There was a surprise tulip waiting for me when I arrived at the allotment for PhD writing this morning. Though Sarah and I had planted two hundred bulbs around the place and been expecting them to all be brightening our springtime by now, we’ve been quite disappointed so far. Hence my surprise this morning at the tulip waiting for me in a bed by the polytunnel we’d all but given up on. Looking as gnarled and forlorn as the rest of the failed bulbs around it when I’d left the allotment last night, and now look.
Anyway I did do some writing, but soon after the tulip discovery I decided to go for a walk. Using the weak excuse of picking up a book I needed from the University library, but really because I just wanted to walk. Walks happen like that sometimes. From a vague desire to see what happens.
Which was first of all that I saw the walls being set up at Sefton Park for the Covid-experiment of a music event that will be happening there this coming Sunday. The experiment being to see if 5,000 people can yet be safely gathered behind that wall for a day. I won’t be going, though to be fair I wouldn’t go anyway, Covid or not my time in crowds is over.
Then I walked on, From Sefton through to Princes Park and the planted up wildflower meadows that will make the place even more beautiful than it already is in a month or two.
Well done Scouseflowerhouse and everyone else credited on that notice up there. Princes Park is a gem.
Out onto the Avenue I promised myself a visit to Granby on the way back, but walked on for now through Canning to the University library.
And so lovely to be out and walking around on a springtime Monday. A joy never to be underestimated or taken for granted.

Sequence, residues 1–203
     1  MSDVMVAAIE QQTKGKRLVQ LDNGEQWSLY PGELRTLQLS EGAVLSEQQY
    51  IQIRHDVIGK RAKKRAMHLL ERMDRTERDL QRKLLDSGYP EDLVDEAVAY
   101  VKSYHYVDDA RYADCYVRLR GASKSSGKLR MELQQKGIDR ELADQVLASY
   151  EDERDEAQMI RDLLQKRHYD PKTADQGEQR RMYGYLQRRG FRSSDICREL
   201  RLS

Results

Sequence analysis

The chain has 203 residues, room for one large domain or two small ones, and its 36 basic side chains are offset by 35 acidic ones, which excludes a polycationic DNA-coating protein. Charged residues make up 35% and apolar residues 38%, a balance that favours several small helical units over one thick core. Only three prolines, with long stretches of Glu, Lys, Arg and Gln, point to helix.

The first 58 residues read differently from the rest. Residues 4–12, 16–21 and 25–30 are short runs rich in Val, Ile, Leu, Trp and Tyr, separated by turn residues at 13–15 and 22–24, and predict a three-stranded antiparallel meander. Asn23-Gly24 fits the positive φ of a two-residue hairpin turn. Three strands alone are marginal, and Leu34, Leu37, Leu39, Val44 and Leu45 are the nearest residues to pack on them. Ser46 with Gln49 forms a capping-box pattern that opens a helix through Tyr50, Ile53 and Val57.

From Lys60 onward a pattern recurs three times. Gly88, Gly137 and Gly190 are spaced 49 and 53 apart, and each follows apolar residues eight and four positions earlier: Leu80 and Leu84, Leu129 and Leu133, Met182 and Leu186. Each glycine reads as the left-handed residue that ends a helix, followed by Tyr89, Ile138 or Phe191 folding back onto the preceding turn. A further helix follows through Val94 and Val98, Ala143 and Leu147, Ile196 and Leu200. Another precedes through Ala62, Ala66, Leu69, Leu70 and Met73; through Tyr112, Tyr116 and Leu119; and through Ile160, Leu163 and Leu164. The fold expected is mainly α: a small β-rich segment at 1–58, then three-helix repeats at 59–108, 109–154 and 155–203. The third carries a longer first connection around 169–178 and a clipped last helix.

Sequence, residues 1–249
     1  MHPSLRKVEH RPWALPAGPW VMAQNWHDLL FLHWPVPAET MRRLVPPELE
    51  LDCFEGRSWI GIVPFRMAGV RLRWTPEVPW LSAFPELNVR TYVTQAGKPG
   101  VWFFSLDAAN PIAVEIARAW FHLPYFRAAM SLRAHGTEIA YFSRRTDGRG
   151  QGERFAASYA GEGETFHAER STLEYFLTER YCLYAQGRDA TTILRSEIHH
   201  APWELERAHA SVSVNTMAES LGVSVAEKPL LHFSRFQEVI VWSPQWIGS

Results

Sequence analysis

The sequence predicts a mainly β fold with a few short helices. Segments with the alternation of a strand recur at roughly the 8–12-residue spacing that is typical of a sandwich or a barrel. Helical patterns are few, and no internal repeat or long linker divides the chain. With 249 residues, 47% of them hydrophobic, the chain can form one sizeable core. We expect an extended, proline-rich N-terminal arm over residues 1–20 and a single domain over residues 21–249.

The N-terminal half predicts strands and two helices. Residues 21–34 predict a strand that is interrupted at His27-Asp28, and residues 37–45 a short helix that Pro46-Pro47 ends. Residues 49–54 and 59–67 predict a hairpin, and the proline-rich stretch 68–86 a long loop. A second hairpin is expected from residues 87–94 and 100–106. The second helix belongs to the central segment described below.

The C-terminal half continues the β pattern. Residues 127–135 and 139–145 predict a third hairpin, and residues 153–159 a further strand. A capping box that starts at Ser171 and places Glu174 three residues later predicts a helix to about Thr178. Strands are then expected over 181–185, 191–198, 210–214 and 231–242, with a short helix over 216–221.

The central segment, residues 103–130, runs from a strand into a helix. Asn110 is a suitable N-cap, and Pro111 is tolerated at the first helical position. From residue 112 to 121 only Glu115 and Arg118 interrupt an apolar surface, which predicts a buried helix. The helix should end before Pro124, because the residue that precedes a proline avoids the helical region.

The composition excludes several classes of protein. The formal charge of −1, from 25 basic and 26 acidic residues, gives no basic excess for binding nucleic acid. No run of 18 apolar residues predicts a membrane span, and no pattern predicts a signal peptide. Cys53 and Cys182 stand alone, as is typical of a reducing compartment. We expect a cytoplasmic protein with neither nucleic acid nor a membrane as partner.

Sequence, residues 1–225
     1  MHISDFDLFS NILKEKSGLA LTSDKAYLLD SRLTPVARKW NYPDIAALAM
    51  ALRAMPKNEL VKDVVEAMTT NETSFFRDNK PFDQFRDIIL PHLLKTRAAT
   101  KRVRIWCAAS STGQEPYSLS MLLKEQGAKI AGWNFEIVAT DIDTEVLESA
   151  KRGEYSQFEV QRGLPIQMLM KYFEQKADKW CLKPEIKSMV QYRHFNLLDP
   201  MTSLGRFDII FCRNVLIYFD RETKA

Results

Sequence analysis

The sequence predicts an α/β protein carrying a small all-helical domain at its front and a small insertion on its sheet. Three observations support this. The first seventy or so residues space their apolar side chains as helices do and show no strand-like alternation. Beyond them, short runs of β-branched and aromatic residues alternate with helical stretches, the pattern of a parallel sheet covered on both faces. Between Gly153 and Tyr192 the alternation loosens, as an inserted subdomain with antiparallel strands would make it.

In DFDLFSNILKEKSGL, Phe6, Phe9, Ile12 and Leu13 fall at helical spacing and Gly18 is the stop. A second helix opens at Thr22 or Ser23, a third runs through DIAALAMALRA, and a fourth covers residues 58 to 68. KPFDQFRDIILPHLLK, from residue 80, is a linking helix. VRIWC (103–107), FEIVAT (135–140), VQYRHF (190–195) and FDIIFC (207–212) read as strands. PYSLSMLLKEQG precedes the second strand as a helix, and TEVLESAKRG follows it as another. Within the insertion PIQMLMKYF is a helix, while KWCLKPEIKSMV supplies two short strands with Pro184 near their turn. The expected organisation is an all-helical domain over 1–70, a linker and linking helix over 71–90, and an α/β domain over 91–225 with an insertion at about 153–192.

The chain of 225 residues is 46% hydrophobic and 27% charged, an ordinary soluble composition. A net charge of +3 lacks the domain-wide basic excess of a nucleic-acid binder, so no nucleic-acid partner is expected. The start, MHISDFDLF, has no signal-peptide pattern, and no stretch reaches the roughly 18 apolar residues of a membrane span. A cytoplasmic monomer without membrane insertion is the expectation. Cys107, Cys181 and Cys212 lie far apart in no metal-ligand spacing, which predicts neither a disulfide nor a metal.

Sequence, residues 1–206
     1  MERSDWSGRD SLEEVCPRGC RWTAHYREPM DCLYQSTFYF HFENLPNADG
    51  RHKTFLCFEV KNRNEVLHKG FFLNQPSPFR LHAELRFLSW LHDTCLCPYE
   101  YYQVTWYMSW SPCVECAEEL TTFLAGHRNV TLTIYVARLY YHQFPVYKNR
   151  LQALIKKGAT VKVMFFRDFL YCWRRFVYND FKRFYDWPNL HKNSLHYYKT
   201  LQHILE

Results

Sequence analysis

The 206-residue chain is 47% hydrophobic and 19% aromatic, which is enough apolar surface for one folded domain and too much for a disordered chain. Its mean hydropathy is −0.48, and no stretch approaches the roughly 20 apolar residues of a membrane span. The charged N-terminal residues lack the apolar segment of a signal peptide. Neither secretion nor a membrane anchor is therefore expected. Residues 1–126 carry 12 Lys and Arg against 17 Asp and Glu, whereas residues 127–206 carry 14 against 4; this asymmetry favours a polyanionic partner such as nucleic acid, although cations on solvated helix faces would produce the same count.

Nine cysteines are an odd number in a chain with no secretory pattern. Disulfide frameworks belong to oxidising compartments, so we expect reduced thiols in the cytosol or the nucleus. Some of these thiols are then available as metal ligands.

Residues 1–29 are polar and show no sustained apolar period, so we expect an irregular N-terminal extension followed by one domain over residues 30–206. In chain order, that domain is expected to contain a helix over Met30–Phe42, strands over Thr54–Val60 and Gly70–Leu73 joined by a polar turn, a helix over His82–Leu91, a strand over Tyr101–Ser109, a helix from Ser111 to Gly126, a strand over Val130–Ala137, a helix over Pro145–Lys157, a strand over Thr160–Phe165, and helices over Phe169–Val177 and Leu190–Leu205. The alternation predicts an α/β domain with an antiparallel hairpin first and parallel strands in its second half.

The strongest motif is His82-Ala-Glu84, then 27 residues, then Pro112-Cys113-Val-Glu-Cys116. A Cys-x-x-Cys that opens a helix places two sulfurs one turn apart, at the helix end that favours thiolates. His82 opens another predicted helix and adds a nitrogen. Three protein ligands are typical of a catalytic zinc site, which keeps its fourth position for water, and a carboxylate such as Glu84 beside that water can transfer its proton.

Arriving here at the University Library the book I need for my work was click and collected by a friendly library person getting it off a shelf for me. A book that I used to have on my own shelves years ago. About a racism inquiry in Liverpool in the late 1980s.
I was one of the many witnesses who spoke at the Inquiry when it was held at the Liverpool 8 Law Centre on Princes Avenue. Concluding back then that Liverpool and its principal institutions were institutionally racist, it still reads as depressingly current, when I sit down outside the library and open several of its pages at random today. Like this one.
And then another page, where a witness says:
“Your Inquiry, whatever it does, it must break down the divisions between us. I think we have got two years to save Granby…”Gifford Report p64
Immediately after which the report’s authors themselves say “We saw much with our own eyes to justify this gloomy picture.”
I walked on.
Along Sandon Street and through Falkner Square, where I used to work for a housing association back in the Gifford Inquiry days.
Along to Granby, which was mostly not saved, in fact, except for these last four streets. And that took a lot of us a lot more than two years.
Then again one of the last four original streets isn’t saved yet, Ducie Street. Supposedly in the hands of a developer now, though I’d heard there’d been a fire in the too long empty houses there over the weekend.
While I was walking around a local person I’d not met for a few years asked me when all the work on the Four Streets, the corner shops as well as Ducie Street here, will be finished? And of course I don’t know the answer any more than he does. But I reminded him of a piece of graffiti that used to be one one of the corners there many years ago, back before we managed to get most of the houses lived in again. This is what it said.
“Never give up” we agreed with each other on parting. Even if it’s thirty two years now since the Gifford Report and five years since the majority of the houses were turned back into homes, never give up.
Sometimes the future, like a good aimless walk, can surprise you.